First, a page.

Uncle takes on role of dad to keep family together
Wynn, Kelli. Dayton Daily News, June 19, 2010.
Adrian McLemore with his niece and nephew Arayiah McLemore, 3 and Tyiaun Jones, 1, play guitar and sing to Tina Turner in their home in Trotwood. McLemore grew up in Montgomery County’s foster care system. In order to prevent his niece and nephew from becoming wards of the county due to a family crisis, McLemore took custody of the children.
TROTWOOD — In December 2009, Montgomery County officials gave Adrian McLemore two options: Take custody of his sister’s two children or let them enter the foster care system until their mother’s life improved.
McLemore knew that one day he might be faced with this decision given his sister’s background, but hoped this day would not come. The Trotwood resident loves his family and considers himself a brother and uncle who would always come to his family’s rescue in a time of need. But being a full-time surrogate father was not a part of his original life plan. Like his mentors said, this would be a great responsibility for a 23-year-old bachelor enrolled in college and managing a video store.
The decision to take custody of 3-year-old Arayiah and 1-year-old Tyiaun was not about what would interrupt McLemore’s life, but rather stopping the beginning of a family trend. “I refuse to let a second generation of the McLemores be in foster care,” he said.
McLemore, now 24, and his two sisters spent most of their childhood in foster care. They entered the system in Georgia as their mother battled alcoholism. The siblings ended up in Georgia after their mother moved them there from Florida following a divorce from their father in 1992.
The McLemore siblings would not be reunited with their father until 1995. Adrian McLemore was about to be put up for adoption when Ernest McLemore, who was serving in the U.S. Air Force, obtained custody and moved his children to Las Vegas. They lived with their father for two years before he announced that he had received an assignment overseas and gave them the option of moving to Ohio to live with their mother again. The children moved back with their mother, a decision that has Adrian and his older sister Britney McLemore, 24, asking themselves today, “what if?”
All three siblings were in and out of Daybreak, an emergency shelter for runaway and homeless youths, from 1999 to 2000.
At one point, Adrian McLemore did not want to return home, so shelter officials called Montgomery County Children Services, who placed him and his sisters in foster care. Britney and Adrian aged out of the system at age 18, and their younger sister, Devanna, was placed in Britney’s custody once Britney turned 21. At the time, Devanna was pregnant with Arayiah, who would have also become a ward of the county had Devanna remained in foster care.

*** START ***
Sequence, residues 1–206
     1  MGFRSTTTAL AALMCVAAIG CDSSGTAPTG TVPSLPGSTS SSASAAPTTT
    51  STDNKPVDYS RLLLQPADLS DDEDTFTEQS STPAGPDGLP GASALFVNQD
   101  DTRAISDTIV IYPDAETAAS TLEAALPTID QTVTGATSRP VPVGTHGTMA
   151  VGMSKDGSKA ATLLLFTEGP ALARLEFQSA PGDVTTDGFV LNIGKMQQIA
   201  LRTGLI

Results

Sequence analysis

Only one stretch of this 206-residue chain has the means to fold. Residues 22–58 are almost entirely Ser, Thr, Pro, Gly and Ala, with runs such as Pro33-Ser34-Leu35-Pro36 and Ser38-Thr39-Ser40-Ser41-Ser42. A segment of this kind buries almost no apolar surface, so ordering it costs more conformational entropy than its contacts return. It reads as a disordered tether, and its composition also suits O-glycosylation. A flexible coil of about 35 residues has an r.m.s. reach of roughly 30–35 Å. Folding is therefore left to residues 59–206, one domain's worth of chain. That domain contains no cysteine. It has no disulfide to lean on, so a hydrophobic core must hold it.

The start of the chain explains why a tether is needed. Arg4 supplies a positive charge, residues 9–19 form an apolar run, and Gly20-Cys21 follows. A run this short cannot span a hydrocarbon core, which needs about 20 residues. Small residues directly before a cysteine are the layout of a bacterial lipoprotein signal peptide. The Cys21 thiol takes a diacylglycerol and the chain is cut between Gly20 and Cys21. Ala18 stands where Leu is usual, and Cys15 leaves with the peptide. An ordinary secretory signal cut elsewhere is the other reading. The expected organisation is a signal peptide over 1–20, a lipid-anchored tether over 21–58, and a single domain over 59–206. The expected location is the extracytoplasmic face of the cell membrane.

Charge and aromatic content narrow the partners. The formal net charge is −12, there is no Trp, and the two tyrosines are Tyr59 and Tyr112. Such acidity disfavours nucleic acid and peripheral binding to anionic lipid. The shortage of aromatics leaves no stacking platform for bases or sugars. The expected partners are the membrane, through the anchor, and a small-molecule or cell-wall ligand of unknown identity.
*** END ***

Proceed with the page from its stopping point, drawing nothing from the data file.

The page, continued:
Meanwhile, Ernest McLemore died in 2004 in Georgia at age 40 after suffering from brain cancer. His children were still in foster care.
Even though his time with his children was short, Ernest McLemore was a big influence. Adrian hopes that all the positive things that he learned from his father will help him while his niece and nephew are in his custody.
One of the messages that McLemore said he hopes his actions will send to Arayiah and Tyiaun is that “a man loves his child no matter what” and provides emotional and financial support for his family.
“I am convinced that I made the right decision based on where they are now — as far as development — compared to where they were the day I picked them up,” he said.
“I love them to death. I want to show them that I am here to play, to hug or discipline... Just to be there.”
Although McLemore’s experience in foster care has been mostly positive, he still said he feels “foster care is no system for children.”
He also didn’t like the idea of his niece and nephew potentially being placed in separate foster homes without a familiar face.
“Having a second generation of our family in foster care is unthinkable to me and I wouldn’t allow it,” he said.
Devanna McLemore, 21, was the one who suggested to county officials in 2009 that her brother take custody of her children. She currently has weekly visits with them and her next custody hearing is scheduled for January.
This year, Father’s Day takes on a whole different meaning to Adrian McLemore. He believes his father would be proud of the decision he made. “I could have continued to do what I wanted to do. But instead, I now do what I have to do.”